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Budget (from french bougette) generally refers to a list of all planned expenses and revenues. A budget is an important concept in microeconomics, which uses a budget line to illustrate the trade-offs between two or more goods. In other terms, a budget is an organizational plan stated in monetary terms.
Personal or family budget[edit | edit source]
- For more details on this topic, see Personal budget.
Corporate budget[edit | edit source]
The budget of a company is compiled annually. A finished budget usually requires considerable effort and can be seen as a financial plan for the new financial year. While traditionally the Finance department compiles the company's budget, modern software allows hundreds or even thousands of people in the various departments (operations, human resources, IT etc) to contribute their expected revenues and expenses to the final budget.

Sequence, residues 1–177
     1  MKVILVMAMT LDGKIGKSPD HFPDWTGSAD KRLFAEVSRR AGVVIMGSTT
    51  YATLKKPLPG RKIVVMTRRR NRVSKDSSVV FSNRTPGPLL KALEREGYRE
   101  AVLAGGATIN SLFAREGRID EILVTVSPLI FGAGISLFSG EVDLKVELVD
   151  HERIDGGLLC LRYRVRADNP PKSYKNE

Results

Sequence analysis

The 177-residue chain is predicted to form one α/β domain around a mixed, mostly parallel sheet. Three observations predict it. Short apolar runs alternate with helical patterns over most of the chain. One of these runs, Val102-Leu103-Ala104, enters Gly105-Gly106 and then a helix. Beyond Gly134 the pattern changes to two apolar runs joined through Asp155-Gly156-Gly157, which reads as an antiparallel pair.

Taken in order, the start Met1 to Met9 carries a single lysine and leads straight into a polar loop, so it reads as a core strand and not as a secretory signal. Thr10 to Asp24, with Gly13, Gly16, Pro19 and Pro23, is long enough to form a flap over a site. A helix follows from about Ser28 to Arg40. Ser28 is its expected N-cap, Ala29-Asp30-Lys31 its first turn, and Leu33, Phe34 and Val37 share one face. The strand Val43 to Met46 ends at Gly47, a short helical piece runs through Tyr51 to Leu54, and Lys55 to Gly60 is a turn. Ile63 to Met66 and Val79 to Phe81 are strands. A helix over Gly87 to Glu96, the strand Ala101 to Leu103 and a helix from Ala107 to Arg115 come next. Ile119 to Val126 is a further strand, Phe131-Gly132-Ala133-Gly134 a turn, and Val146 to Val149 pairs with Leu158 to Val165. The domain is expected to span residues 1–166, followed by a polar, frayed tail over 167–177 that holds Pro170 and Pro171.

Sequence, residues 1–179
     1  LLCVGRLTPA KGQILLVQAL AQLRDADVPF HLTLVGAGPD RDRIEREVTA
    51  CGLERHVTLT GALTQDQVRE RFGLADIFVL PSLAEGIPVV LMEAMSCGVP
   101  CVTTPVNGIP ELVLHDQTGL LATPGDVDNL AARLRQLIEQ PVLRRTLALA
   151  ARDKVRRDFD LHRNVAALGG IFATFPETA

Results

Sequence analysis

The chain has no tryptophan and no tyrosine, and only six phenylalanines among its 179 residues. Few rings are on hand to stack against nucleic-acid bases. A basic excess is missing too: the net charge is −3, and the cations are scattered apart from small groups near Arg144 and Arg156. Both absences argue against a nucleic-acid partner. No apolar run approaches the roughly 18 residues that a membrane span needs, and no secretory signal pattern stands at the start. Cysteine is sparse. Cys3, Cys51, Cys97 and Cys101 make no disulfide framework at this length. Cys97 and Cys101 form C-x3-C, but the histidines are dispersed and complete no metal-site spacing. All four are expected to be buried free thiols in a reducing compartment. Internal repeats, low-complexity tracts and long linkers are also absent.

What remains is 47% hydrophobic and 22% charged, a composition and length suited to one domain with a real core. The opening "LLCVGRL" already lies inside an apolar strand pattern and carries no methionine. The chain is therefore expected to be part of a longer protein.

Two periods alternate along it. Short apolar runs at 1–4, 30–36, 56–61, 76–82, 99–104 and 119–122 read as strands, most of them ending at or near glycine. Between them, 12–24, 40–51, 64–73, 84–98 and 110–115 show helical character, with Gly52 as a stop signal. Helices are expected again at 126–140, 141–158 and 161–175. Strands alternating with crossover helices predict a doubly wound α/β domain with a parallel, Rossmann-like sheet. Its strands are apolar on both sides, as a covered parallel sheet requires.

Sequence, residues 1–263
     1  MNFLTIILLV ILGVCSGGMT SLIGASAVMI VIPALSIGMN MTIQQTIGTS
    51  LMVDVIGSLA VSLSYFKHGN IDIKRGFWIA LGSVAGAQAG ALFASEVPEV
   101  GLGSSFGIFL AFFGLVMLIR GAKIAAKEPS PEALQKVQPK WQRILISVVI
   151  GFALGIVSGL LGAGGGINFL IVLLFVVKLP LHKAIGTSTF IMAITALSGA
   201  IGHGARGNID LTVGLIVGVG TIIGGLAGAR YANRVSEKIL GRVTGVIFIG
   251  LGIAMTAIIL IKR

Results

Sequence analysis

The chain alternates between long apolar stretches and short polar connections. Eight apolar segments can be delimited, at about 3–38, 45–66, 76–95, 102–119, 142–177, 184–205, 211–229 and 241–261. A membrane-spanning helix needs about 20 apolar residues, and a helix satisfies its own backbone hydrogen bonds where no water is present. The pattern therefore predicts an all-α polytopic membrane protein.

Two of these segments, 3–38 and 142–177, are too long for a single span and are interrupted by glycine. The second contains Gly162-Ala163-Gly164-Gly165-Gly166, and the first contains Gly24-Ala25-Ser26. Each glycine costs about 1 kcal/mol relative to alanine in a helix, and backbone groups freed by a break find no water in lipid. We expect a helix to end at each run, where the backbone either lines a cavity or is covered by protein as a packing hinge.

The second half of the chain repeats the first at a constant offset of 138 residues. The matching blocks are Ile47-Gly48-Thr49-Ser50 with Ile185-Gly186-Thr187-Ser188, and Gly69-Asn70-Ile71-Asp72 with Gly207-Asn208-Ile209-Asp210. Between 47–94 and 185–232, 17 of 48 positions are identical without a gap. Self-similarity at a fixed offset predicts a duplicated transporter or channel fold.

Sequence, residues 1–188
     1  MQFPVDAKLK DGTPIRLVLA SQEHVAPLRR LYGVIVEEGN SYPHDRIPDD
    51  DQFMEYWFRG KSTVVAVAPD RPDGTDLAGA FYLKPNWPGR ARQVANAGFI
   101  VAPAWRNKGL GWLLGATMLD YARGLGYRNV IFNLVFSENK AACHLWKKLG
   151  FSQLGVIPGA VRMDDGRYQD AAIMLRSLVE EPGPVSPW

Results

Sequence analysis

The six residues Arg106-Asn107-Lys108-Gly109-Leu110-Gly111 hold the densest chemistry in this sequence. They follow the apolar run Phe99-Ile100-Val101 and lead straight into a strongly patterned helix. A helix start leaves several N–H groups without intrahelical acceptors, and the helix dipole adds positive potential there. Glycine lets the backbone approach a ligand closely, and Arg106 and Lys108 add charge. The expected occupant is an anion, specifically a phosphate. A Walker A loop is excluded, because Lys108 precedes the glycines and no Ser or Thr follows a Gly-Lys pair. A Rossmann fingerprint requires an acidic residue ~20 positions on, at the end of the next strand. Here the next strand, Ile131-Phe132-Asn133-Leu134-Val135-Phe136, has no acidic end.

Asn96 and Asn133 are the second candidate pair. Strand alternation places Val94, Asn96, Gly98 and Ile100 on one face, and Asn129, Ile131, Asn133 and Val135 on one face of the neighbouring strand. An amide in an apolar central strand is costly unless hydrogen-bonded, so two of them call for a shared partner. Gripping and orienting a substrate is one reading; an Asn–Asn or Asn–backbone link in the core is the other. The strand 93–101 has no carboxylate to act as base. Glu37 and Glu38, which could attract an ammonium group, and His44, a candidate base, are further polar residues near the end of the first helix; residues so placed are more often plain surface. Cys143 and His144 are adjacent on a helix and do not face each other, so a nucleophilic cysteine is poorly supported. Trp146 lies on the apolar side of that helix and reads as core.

If the actual numbers delivered through the financial year turn out to be close to the budget, this will demonstrate that the company understands their business and has been successfully driving it in the direction they had planned. On the other hand, if the actuals diverge wildly from the budget, this sends out an 'out of control' signal and the share price could suffer as a result.
Reseach budget[edit | edit source]
Psychological aspects of budgets[edit | edit source]
In summary, the purpose of budgeting is to:
- Provide a forecast of revenues and expenditures i.e. construct a model of how our business might perform financially speaking if certain strategies, events and plans are carried out.
- Provide a financial framework for the decision making process.
- Enable the actual financial operation of the business to be measured against the forecast.
See also[edit | edit source]
- Budget theory
- Budget overrun
- Cost containment
- Income (economic)